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Prehistory (to 3,000 BC)
Cairn of Barnenez BrittanyPhoto: Gerhard Haubold CC Alike 3.0 Unported no changes made
Around 5000 BC, at the beginning of the Neolithic, traces of human presence become more numerous. The prehistoric people worked the land and tried to make a living here. They made axes and polished granite, which they traded in the Rhone Valley, Southeast France and England.
The social organization with division of labor was stable at the time, witness the impressive megalithic monuments. Some megalithic tombs or dolmens (“stone table in Breton”) were in the shape of a burial chamber, which you reached through a long corridor; they are huge blocks of stone covered with a burial mound. The oldest dolmen, from 4600 BC, is the cairn in Barnenez. The main concentration of dolmens is located in Carnac, some, such as the Giant of Locmariaquer, are as high as 20 meters. Just as spectacular are the menhirs, these are imposing, upright stones that probably had a religious function in a religion focused on the heavenly bodies.
Antiquity (3000 BC - 476 AD)
Brittany Celtic CoinPhoto: Public domain
About 500 BC, the Armorica peninsula or "land of the sea" was occupied by Celts. Five tribes settled here: the Osismen (in Finistère), the Veneti (in Morbihan), the Coriosoliten (in Côtes d'Armor), the Riedones (in Ille-et-Vilaine) and the Namneten (in Loire-Atlantique). The Celts lived in small villages and fortified settlements, they were farmers who also worked iron, minted coins and traded overseas. The government was in the hands of a nobility of warriors and clergy, the druids. The forces of nature attributed them to various gods whom they worshiped with sacrifices. Itinerant bards (poets-musicians) sang about the exploits of mythical heroes.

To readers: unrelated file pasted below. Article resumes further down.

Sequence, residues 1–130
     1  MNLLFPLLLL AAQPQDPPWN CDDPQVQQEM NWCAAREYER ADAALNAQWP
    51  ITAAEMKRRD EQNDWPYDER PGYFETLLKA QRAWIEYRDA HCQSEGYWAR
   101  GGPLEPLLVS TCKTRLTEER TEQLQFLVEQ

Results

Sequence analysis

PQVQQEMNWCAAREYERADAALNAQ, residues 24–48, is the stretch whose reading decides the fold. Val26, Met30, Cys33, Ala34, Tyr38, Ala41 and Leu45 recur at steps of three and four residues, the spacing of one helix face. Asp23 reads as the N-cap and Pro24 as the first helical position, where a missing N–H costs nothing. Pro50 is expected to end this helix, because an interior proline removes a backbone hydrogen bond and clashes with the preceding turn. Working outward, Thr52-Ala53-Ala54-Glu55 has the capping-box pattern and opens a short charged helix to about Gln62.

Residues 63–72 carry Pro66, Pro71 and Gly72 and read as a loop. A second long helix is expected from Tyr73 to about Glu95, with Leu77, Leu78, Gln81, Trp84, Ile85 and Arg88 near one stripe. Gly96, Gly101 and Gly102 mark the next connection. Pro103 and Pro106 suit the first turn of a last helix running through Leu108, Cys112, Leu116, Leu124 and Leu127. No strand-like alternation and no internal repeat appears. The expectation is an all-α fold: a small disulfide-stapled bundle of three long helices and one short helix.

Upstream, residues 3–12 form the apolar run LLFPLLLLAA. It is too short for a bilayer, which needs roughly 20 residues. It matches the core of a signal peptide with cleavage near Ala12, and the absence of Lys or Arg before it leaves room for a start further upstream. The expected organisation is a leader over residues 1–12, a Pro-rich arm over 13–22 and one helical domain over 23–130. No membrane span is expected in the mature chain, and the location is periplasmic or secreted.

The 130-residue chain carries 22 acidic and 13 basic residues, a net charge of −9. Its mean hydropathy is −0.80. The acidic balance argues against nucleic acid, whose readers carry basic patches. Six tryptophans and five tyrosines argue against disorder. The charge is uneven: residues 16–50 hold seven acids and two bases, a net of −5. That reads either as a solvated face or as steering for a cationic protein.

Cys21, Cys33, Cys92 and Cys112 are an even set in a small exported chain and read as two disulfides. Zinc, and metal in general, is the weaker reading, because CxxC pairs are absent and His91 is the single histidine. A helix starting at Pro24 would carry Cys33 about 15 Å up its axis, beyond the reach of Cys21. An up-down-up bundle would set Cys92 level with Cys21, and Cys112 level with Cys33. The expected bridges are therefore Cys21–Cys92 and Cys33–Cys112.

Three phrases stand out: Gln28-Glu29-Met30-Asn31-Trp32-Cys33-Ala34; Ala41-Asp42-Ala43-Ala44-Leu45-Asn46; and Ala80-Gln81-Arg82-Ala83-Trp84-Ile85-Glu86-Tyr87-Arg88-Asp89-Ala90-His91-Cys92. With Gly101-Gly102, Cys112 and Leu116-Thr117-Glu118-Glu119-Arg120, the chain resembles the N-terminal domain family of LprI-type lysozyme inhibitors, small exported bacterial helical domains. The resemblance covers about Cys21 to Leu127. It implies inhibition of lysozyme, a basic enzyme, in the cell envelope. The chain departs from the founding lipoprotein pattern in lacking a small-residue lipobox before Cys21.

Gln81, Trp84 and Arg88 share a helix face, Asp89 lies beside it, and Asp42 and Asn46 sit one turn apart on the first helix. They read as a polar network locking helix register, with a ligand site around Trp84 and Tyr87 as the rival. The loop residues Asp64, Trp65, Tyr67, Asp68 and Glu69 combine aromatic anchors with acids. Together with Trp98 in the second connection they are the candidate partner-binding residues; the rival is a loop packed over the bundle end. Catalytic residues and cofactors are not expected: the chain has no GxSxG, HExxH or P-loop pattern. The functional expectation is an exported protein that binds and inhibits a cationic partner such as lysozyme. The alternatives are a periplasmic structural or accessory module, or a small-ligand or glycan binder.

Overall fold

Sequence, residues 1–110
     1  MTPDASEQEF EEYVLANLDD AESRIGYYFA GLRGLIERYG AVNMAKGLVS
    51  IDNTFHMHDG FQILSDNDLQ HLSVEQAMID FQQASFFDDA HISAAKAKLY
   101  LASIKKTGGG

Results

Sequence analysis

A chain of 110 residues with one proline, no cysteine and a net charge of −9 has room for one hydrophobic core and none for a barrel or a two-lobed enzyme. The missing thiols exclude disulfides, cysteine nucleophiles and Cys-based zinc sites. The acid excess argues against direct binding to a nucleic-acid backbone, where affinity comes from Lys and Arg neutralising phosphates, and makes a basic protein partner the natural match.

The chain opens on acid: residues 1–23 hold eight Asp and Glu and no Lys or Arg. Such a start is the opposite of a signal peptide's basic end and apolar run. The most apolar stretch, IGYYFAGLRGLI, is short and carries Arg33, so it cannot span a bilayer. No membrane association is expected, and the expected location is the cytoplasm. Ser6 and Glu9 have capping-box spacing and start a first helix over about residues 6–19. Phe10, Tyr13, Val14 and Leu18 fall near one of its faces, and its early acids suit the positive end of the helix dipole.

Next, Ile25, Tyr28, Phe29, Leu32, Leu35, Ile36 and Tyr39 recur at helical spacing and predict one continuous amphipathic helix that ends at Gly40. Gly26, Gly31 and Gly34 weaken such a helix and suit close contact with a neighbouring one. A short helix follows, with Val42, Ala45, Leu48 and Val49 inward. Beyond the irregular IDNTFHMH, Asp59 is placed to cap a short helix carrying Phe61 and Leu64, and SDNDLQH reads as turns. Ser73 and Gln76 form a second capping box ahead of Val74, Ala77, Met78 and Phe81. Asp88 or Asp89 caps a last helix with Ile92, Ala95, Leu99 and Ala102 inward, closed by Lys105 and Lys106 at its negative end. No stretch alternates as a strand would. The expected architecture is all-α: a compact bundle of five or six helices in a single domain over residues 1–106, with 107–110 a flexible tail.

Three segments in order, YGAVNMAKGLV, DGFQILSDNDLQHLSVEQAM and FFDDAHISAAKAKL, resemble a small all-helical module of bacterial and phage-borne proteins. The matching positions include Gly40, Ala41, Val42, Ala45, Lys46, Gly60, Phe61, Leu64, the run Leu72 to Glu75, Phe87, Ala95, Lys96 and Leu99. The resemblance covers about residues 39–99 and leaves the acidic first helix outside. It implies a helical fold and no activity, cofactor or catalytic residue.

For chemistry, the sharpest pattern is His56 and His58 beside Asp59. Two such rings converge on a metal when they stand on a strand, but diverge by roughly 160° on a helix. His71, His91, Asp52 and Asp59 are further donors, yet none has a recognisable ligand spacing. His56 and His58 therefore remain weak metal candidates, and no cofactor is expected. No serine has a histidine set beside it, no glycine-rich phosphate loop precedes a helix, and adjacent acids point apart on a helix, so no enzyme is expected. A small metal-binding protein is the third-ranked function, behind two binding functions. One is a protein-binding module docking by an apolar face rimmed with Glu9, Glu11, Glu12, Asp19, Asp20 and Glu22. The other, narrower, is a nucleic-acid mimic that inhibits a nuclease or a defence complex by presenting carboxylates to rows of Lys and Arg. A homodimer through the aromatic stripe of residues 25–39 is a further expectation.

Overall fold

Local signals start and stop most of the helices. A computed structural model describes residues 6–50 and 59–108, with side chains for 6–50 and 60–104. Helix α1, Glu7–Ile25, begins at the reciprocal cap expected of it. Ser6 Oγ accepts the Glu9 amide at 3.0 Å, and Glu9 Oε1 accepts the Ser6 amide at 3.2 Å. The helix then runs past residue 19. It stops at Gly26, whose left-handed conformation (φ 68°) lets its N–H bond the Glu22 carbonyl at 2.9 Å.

Armorica and the Romans
In 57 BC, the Romans occupied Armorica and the rest of Gaul. A year later the Veneti revolted and took refuge on the rocky cliffs of the Atlantic coast. With difficulty, Julius Caesar managed to defeat them in a naval battle outside the Gulf of Morbihan. Armorica was added to the province of Lugdunensis, and remained under Roman rule for 400 years. The province was divided into five areas, which corresponded to the Celtic tribal areas. A road network and a few new small towns, such as Condate (now Rennes), Darioritum (now Vannes) and Condevincum (now Nantes) accelerated the process of romanization. While baths, amphitheaters and villas showed the influence of Roman civilization, the Celtic and Roman gods were worshiped together. In the countryside the Roman influence was present, and therefore their influence was limited. When the Roman Empire began to collapse in the 3rd, 4th century, the area became unstable. Frankish and Saxon pirates plundered the cities, and the population fled. The coastline was insufficiently protected by fortresses such as Alet (close to St Malo) and Le Yaudet (in Ploulec’h). At the beginning of the 5th century, Armorica was abandoned.